When defendant and Arteaga arrived at Doolittle Drive, they entered the home with Heredia. Heredia handed the gun to defendant, who "took it apart," "looked at it," and explained why the gun jammed. Defendant then put the gun away on his person. The three men went back outside.

Once outdoors, Heredia, Arteaga, and defendant were joined by Gonzales (Heredia's half brother) and Rangel (Gonzales's cousin). Defendant had brought a bottle of Hennessy cognac with him, and the group drank from the bottle. As the men were standing about, a neighbor called the police about "a group of [juveniles] loitering and blocking [a] driveway." Officer Niemi was dispatched to the scene. This was the

274 Cal.Rptr.3d 318

second time that day that Niemi was called to the Doolittle Drive location because of juveniles congregating in the area. Niemi had earlier dispersed a group of individuals without incident. Responding to the second call, Niemi arrived at the scene at 10:57 p.m.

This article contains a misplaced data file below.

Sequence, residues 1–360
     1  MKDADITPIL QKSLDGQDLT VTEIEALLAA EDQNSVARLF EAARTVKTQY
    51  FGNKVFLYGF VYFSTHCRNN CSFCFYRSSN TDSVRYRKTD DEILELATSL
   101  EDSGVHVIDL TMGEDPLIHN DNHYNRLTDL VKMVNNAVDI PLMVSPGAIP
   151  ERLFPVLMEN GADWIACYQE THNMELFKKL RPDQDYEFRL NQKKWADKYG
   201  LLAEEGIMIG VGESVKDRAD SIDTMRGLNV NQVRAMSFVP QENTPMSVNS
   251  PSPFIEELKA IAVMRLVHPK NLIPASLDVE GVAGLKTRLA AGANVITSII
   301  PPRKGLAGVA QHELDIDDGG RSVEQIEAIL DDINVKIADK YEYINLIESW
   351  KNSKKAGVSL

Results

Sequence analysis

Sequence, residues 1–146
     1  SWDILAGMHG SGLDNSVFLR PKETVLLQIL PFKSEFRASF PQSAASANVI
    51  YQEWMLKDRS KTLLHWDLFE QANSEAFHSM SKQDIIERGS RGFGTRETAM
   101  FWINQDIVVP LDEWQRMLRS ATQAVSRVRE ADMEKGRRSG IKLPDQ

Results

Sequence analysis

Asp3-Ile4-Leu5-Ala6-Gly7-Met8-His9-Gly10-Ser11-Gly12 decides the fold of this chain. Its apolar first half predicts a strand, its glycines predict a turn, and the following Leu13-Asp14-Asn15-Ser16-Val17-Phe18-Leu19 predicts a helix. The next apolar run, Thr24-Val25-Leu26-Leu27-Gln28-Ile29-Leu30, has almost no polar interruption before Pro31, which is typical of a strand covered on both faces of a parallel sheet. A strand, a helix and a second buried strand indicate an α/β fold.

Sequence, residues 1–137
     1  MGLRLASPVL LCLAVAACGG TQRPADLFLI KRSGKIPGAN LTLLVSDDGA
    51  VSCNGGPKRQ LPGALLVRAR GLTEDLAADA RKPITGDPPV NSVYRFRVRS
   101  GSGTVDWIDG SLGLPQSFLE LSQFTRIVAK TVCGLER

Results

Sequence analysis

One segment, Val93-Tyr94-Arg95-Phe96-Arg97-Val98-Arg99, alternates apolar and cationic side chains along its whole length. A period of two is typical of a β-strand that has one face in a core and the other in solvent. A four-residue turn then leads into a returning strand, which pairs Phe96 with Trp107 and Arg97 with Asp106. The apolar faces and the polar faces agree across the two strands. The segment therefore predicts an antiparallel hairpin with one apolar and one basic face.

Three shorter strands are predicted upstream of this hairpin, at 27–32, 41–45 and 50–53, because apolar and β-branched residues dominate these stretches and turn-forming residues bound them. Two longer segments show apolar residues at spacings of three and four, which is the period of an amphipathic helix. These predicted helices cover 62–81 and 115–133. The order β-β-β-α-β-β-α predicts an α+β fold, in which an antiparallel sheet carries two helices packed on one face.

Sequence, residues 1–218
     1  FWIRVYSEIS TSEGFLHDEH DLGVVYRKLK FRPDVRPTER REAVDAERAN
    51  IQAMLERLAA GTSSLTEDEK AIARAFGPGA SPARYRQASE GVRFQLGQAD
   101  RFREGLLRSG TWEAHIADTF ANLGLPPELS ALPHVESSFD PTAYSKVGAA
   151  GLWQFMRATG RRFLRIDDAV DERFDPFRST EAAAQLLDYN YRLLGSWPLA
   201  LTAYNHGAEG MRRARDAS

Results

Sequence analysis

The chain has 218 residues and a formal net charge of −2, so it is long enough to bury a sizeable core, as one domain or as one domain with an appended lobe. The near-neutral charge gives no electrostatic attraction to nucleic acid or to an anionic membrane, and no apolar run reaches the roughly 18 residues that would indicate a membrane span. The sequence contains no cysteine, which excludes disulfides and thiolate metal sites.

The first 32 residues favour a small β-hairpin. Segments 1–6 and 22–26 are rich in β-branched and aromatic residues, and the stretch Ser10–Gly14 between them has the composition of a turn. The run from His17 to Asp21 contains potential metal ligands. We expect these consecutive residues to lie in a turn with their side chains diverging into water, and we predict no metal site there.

479 P.3d 805
10 Cal.5th 992

All four individuals with defendant — Heredia, Arteaga, Gonzales, and Rangel — testified regarding the interaction between the group and Niemi when Niemi arrived at Doolittle Drive. After pulling up in his patrol vehicle, Niemi asked the men if they were "the same ... people he had kicked out of there earlier." Heredia told Niemi they were not. Niemi got out of the car, asked the men if they had been drinking, and requested to see their identification. Niemi collected an identification card (ID) first from Heredia and then from defendant. Defendant took some time to produce his ID, as he was "fumbling around" with his wallet. He eventually handed his ID to Niemi, who turned to Rangel and took his ID. Arteaga testified he thought Niemi was "calling [the identification] in" because he saw the officer reach for the radio located on his left shoulder.

As Niemi was handling the IDs, defendant pulled a handgun and shot the officer in the head. The shooting happened suddenly and unexpectedly.

After defendant shot Niemi, the group scattered. As they ran, the group's members heard more shots fired. Arteaga stated he saw Niemi "on his back, on the ground" with defendant standing over him before hearing additional shots. Through eyewitness and expert testimony, the prosecution showed that defendant shot Niemi six times in total, emptying the clip in his handgun.